Monday, July 30, 2007


Standing in the gridlocked main hall in the San Diego Convention Center during the 38th Annual Comic Con, the words of artist Rick Geary ring decidedly true. “It’s grown like a monster,” reflects the 30-year veteran of the comic book trade, who’s been attending regularly since 1976, when the Con was being hosted in the El Cortez hotel.

“Over the past ten years or so, the television and movie industries have latched onto the comics and given the comic industry new life, but it’s also made the convention a little top heavy with the corporate presence,” muses Geary. “I don’t know if that’s a negative or positive factor, but it certainly has drawn the people in and made the comic book artists and writers and the people who work in the industry a little bit more high profile than they were before.”

Despite the described trend, Geary has managed to maintain a low-profile over the years, working on projects of great merit that gain the deserved attention of his peers but, as is true with so many comics, fall outside of the spotlight of the superhero genre that has ingratiated itself within the public consciousness. “30 years ago,” Geary reminisces, “I submitted my first story to an anthology comic book. Not long after that I joined the funny pages of NATIONAL LAMPOON, to which I contributed for about 12, 13 years before they folded. Around that time, I started my series A TREASURY OF VICTORIAN MURDER, which continues to this day. And I’ve also contributed to many other comic venues over the years,” including HEAVY METAL, MAD, DC/Paradox Press, and Dark Horse comics.

Armed with such “indy” street cred, along with his nonfiction VICTORIAN MURDER series, Geary proved a worthy addition to the panel titled “Reality-Based Graphic Novels,” which otherwise skewed heavily toward a personal, autobiographical approach. Moderated by Andrew Farago of the Cartoon Art Museum in San Francisco, the panelists included Alison Bechdel, Guy Delisle, Miriam Katin, and Joe Matt, all distinguished artists and storytellers, and all with plenty of insight to offer those in attendance. The only disappointment was that without the support of a fellow artist of similar ilk—one who likewise eschews personal history in favor of historical narrative—Geary’s voice perhaps fell too softly on the ears of the audience. (All the same, it was rather wonderful to watch Katin take a shine to Matt over the course of the hour, Katin’s work comprising WE ARE ON OUR OWN—a WWII memoir rife with Nazi persecution—and Matt’s most recent work being the graphic novel SPENT, which in Matt’s own words is about “porn addiction and masturbation.”)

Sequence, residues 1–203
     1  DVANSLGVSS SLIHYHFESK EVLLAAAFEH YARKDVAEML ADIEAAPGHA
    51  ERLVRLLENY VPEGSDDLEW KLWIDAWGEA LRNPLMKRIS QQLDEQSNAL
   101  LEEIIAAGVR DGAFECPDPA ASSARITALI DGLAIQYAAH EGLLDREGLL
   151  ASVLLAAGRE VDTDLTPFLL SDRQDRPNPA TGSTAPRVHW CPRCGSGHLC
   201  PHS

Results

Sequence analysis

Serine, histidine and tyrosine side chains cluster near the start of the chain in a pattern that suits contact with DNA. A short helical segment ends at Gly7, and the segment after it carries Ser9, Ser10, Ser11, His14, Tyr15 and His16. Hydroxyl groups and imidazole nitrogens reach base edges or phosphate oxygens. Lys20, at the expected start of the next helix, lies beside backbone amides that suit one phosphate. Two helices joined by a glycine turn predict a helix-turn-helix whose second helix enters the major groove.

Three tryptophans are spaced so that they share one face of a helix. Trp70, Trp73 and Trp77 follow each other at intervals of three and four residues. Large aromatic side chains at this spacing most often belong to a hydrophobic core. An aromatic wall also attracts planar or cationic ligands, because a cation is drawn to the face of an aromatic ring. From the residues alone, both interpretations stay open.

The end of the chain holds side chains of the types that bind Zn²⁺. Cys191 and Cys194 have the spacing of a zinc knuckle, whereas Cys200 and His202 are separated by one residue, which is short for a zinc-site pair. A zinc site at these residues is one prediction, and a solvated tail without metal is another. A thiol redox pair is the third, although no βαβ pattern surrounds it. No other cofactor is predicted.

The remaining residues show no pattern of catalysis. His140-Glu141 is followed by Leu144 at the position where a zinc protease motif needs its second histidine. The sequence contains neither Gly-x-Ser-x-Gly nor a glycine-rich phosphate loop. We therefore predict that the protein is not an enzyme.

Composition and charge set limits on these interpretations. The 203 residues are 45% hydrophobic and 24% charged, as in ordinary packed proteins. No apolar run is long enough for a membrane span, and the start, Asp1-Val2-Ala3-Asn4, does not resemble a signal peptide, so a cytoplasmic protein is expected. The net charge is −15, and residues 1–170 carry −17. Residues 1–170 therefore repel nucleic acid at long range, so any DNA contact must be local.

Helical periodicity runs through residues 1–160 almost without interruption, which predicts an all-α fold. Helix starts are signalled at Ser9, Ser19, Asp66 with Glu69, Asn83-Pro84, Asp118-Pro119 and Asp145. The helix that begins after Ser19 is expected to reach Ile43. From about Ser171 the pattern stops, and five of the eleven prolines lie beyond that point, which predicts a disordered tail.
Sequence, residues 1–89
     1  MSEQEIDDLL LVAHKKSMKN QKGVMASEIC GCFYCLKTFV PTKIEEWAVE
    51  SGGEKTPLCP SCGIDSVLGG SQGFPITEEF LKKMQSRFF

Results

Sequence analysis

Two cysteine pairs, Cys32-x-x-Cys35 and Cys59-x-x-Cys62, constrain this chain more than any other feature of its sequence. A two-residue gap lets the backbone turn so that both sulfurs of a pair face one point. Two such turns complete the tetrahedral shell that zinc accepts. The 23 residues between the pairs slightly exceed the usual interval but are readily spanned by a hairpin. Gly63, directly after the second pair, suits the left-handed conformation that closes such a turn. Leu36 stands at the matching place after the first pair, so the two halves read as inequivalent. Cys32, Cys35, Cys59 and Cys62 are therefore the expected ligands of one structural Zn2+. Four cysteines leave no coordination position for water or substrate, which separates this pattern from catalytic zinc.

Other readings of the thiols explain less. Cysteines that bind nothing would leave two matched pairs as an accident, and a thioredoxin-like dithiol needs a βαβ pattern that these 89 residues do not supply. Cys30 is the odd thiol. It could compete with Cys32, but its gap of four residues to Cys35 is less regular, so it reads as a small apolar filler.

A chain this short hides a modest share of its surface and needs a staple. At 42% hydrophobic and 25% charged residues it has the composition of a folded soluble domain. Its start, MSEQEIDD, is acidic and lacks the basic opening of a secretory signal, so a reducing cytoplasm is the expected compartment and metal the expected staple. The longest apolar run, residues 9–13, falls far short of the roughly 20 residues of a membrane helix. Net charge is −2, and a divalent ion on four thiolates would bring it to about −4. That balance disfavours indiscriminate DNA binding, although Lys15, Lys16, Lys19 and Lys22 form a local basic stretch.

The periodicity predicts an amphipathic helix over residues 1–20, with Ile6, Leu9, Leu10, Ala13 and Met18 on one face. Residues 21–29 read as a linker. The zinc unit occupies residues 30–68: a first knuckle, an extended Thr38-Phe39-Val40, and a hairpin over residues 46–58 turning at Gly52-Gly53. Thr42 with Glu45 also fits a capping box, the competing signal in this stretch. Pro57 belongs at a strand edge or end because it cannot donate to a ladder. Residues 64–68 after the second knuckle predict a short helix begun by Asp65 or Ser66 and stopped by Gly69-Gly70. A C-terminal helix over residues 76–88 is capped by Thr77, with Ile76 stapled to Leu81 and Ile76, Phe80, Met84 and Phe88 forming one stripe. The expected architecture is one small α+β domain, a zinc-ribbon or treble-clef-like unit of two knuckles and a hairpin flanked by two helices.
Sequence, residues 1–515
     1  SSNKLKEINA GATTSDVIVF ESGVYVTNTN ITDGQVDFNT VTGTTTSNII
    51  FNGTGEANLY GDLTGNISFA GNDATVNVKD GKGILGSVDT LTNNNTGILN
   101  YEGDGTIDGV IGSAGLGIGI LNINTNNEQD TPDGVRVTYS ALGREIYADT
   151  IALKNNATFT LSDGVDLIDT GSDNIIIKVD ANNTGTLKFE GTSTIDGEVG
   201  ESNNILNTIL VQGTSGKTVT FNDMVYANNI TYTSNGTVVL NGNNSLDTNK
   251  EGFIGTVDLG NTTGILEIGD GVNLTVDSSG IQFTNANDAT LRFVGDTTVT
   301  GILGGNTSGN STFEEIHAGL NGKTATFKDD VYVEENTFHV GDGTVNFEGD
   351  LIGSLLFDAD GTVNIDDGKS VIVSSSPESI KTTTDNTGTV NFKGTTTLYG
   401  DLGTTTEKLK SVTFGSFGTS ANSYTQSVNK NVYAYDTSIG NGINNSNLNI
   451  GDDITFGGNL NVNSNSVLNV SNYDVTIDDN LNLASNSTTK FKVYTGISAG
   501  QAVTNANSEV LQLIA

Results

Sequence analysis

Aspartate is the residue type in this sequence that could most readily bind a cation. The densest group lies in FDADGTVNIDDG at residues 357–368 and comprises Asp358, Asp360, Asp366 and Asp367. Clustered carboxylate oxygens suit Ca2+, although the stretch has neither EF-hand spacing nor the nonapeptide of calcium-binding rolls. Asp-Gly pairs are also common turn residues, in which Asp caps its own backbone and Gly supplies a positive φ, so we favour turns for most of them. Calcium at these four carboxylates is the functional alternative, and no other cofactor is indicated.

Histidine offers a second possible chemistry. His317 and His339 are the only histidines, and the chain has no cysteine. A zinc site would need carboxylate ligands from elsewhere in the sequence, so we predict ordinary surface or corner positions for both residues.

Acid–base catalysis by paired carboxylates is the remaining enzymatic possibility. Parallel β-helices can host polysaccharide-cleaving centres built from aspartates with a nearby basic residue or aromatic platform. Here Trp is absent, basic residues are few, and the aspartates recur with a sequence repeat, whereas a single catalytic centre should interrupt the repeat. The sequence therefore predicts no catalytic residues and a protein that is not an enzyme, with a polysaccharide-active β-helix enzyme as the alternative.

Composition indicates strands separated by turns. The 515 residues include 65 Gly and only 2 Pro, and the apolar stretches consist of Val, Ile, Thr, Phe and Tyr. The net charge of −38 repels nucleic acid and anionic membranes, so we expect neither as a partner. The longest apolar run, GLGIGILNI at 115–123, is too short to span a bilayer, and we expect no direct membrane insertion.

Later, back at his table in Artists’ Alley, Geary enjoys a moment’s respite. “I’ve been on three or four panels this year and I’ve also been at various other booths doing signings and drawing sketches for people. It’s always more or less a break when I get to come back to my own table here.”

That said, Friday night’s presentation of the 19th annual Will Eisner Comic Industry Awards proved an event worth leaving the table for, as Geary shared an Eisner with writer Bob Burden for their work on GUMBY. In their translation of Art Clokey’s creation from stop motion to sequential art, both creators are well deserving of the award for Best Title for a Younger Audience. Geary’s deceptively simple style presents Gumby’s fantastic world with a matter-of-factness that many artists may well shy away from but which perfectly complements the insouciant tone found in Burden’s scripts.

Given time to reflect on his latest industry award (following the Inkpot he received from the San Diego Comic Con in 1980 and the Book and Magazine Illustration Award bestowed by the National Cartoonists Society in 1994), Geary describes the experience as “a top thrill. And getting to meet all the other artists who were winners and nominees, people I’ve admired and idolized for years, it was a great experience.

“It’s always great to come to [Comic Con],” Geary concludes. “It’s certainly never boring and it’s been a really valuable promotional venue for my career and my work. I just hope to keep coming to the convention and meeting people and working in this great business.”

For more information on Rick Geary and his work, visit

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